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SP0229 Primary Biliary Cirrhosis Associated with Systemic Sclerosis: A Milder Disease?
  1. M. Elhai
  1. Rheumatology A department, Cochin Hospital, Paris, France


Polyautoimmunity is a frequent condition in systemic sclerosis (SSc) affecting one quarter of SSc-patients. Among SSc-associated autoimmune diseases, primary biliary cirrhosis (PBC) affects 3% of the patients both in our European cohort and in a worldwide meta-analysis. PBC is a slowly progressive cholestatic liver disease characterized histologically by a chronic destructive non suppurative granulomatous/ lymphocytic cholangitis affecting the small and medium-sized bile ducts and by the presence of the highly disease-specific anti-mitochondrial antibodies (AMA), which are present in 90-95% of the patients and in less than 1% of healthy controls. Although the prevalence of PBC among SSc-patients has been estimated to 3%, about 25% of SSc-patients are positive for AMA. In these patients, long-term monitoring of signs and symptoms of cholestatic liver disease should be performed as the presence of AMA can precede clinical symptoms. Anticentromere antibodies (ACA) have been found in up to 30% of PBC patients and 80% of patients with a PBC/SSc overlap syndrome. But ACA are also observed in patients with PBC without SSc and seem to be associated with severe bile duct injury and portal hypertension. The prognosis of PBC/SSc overlap is unclear. Whereas some case reports have suggested that these patients had a slower rate of liver-disease progression compared to matched patients with PBC alone, others had suggested a worse prognosis. Regarding SSc, in our European cohort, SSc-PBC overlap patients had a milder disease, with association with the limited cutaneous subtype (OR 2.1,95% CI 1.5–2.8) and the presence of ACA (OR 6.2, 95% CI 2.3–16.5).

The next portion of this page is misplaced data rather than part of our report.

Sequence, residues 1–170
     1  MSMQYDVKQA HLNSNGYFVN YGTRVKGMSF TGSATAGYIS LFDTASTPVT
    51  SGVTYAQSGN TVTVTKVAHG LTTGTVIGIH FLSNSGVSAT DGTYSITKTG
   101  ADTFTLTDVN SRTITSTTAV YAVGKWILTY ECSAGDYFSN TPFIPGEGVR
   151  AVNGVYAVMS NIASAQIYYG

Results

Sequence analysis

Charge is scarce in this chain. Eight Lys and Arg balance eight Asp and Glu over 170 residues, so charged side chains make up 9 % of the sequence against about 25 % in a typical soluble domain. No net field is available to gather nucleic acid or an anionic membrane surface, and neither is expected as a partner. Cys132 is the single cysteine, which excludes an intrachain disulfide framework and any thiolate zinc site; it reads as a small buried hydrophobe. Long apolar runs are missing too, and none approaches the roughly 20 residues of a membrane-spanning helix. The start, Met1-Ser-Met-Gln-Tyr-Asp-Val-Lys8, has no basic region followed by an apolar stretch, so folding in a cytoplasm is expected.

We present the case of a 65-years old woman, with SSc-associated PBC. The patient presented a Raynaud phenomenon appeared 10 years ago with secondary digital ulcers and calcinosis appeared in 1991 revealing limited cutaneous-SSc with positivity for ACA. There was no cardiopulmonary involvement. She was treated with calcium channel blockers. In 1993 appeared liver tests abnormalities with a 5-fold increase in transaminase. Liver biopsy revealed lesions compatible with diagnosis of PBC and AMA were present at high titers. PBC led to a liver transplantation in 1999. Following transplantation, an immunosuppressant therapy by tacrolimus was introduced. In 2000, the patient suffered from dyspnea. The pulmonary tests revealed a decrease in DLCO/VA at 50%. No further exploration was performed. In 2005, the patient was admitted to our unit: symptoms and pulmonary tests remained unchanged. Echocardiography revealed an increase in PAPs at 45 mmHg and a diagnosis of pulmonary arterial hypertension (PAH) was confirmed at RHC in 2007. Treatment by sildenafil was introduced in 2007 and ambrisentan was added in 2010 because of worsening of PAH. In 2012 appeared a non-compressive pericardial effusion. In 2014, pericardial effusion was increased with worsening of dyspnea and of PAPs (80mmHg). Surgical drainage was performed with improvement of dyspnea and decrease in PAPs (55 mmHg). This case demonstrates that the prognosis of SSc-associated PBC remains unclear and that some cases may develop severe SSc complications. It is also of interest to discuss about the development of PAH in the context of profound immunosuppression required by the transplantation. Further studies are warranted to better identify the prognosis or the different profiles of SSc-associated PBC and to determine prognostic factors of a severe disease.

Disclosure of Interest None declared

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